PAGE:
Genesis, Chapter 2, Verse 17 says, “but as for the tree of knowledge of good and bad, you must not yield to it; for as soon as you eat of it, you shall die.” In Chapter 3, “the serpent said to the woman, ‘you are not going to die, but God knows that as soon as you eat of it, your eyes will be opened and you will be like divine beings who know good and bad.’”

So this is the problem: aside from the threat to their lives, Adam and Eve are not to acquire moral discernment. Apparently that is to be left to God.

Tower of Babel: what it really says

There’s a similar distortion in the telling of the story of the Tower of Babel. Again, according to tradition, human arrogance is punished. What was the nature of this arrogance?

Genesis 11:5 tells us that “the Lord said, ’If, as one people with one language for all, this is how they have begun to do nothing that they may propose to do will be out of their reach.’”

Arrogance? Or aspirations? If we look at the words of the text, it becomes clear that it is human aspirations that give God a problem.


Most important of all, I discovered spin. Spin is a particular kind of speech and writing about the Torah and the rest of the Bible.

It does not explain or elucidate, unlike commentary that provides archaeological or historical background, or perhaps alternate translations, to help readers better understand a piece of Torah content.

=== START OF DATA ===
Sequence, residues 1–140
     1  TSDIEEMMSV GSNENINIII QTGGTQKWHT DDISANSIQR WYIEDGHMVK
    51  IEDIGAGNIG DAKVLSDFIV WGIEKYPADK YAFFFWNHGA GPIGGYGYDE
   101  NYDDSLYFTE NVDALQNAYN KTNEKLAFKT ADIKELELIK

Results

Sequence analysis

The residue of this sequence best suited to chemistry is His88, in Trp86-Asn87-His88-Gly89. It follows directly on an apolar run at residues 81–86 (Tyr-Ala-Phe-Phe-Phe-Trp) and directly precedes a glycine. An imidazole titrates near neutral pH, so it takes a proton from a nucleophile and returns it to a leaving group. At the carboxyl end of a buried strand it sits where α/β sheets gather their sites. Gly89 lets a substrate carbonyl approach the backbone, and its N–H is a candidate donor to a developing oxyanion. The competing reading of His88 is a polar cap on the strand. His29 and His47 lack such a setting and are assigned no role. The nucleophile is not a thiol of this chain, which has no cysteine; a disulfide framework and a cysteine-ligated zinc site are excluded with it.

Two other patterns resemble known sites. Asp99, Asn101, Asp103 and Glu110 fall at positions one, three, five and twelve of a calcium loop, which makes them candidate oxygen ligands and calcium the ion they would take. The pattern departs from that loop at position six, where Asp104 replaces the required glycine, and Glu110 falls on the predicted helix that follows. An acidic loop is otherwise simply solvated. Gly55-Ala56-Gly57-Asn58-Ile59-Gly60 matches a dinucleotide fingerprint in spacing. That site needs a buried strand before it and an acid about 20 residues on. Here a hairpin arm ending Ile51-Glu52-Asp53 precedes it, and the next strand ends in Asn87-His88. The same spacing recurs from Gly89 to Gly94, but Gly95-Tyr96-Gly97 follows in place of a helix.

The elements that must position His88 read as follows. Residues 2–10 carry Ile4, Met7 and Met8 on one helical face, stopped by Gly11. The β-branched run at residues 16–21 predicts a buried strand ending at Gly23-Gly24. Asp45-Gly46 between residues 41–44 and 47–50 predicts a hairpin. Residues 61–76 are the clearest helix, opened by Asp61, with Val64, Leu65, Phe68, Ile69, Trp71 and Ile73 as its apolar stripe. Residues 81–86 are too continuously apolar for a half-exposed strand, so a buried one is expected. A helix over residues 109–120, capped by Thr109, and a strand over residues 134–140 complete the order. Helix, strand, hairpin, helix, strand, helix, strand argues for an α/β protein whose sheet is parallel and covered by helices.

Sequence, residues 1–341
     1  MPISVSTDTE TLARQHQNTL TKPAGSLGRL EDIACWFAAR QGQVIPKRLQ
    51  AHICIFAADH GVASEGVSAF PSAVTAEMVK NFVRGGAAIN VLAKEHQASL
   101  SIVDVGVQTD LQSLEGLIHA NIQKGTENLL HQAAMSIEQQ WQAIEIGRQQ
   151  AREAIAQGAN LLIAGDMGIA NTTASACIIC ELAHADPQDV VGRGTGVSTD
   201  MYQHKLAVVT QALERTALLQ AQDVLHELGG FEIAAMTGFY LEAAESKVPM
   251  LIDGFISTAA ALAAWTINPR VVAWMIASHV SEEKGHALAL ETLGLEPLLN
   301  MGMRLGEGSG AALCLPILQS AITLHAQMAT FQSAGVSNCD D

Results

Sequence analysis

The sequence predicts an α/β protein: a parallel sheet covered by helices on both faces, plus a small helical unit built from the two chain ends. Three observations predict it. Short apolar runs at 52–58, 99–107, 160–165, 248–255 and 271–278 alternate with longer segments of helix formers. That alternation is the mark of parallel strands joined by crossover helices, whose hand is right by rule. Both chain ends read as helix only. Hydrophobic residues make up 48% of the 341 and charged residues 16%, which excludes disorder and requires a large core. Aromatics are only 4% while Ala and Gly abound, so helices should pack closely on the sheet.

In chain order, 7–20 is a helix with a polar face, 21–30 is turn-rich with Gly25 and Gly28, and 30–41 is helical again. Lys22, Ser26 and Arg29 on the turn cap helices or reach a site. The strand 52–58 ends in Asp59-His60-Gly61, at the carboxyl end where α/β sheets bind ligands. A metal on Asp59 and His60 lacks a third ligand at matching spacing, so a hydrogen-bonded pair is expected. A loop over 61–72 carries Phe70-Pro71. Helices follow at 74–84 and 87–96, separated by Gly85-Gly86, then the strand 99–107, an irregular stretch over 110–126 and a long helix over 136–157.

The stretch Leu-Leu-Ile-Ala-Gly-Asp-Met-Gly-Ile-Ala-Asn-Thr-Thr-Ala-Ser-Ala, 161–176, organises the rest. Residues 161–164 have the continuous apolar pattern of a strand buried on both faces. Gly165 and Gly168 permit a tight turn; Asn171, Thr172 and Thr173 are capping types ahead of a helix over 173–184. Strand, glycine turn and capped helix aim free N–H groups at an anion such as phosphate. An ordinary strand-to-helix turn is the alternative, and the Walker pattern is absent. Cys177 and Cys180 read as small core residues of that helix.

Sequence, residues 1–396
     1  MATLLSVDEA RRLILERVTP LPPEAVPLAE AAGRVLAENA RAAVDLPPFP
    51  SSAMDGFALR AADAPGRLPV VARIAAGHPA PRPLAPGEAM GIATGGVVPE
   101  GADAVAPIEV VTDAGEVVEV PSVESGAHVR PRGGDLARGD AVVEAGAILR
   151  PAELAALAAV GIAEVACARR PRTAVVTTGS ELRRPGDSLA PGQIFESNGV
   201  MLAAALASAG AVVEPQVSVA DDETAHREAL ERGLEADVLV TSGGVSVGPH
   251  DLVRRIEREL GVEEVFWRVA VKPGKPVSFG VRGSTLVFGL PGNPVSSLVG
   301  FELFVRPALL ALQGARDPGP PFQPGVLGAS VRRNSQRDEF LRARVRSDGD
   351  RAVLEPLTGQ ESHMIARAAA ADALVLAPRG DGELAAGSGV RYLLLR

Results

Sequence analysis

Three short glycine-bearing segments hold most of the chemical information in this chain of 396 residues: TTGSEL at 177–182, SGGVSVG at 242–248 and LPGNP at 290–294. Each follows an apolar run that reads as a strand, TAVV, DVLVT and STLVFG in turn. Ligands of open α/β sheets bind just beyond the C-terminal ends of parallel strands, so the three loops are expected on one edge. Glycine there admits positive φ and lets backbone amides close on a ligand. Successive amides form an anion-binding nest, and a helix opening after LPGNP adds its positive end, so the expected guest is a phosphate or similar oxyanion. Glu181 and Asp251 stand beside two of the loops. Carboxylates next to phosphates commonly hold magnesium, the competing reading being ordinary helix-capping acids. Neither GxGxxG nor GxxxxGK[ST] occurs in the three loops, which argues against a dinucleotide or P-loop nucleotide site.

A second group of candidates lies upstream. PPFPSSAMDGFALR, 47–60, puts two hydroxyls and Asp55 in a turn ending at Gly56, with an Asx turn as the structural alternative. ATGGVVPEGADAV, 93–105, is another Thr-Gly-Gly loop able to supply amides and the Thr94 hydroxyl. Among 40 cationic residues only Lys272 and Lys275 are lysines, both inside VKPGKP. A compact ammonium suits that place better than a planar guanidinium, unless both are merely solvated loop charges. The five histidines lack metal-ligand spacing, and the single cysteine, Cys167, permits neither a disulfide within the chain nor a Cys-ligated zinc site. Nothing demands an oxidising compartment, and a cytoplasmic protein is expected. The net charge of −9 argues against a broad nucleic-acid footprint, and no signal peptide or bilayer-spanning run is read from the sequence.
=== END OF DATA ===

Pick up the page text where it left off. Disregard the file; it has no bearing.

No, this is commentary whose production resembles a cotton candy machine, spinning out long gauzy interpretations of what the Torah writers really meant to say, reinterpreting, translating, inserting metaphors, and often just making things up. Plus, a lot of quoting out of context.

All in all, it adds up to what I call “rabbinical spin,” the process of transforming the simple (and often well-meaning) Torah text into a document of profound relevance.

So… in addition to all the other motivating factors for writing the book, there was the discovery of this massive and long-standing intellectual con game – the selective quoting, the quoting out of context, all the other “interpretive” strategies that constitute rabbinical spin – which I am eager to expose.


Now that you know the reasons why I wrote the book, you’ll understand why I have included the content that I have included.

The first chapter lays out the difference between translation and inference, between translating a text and spinning it.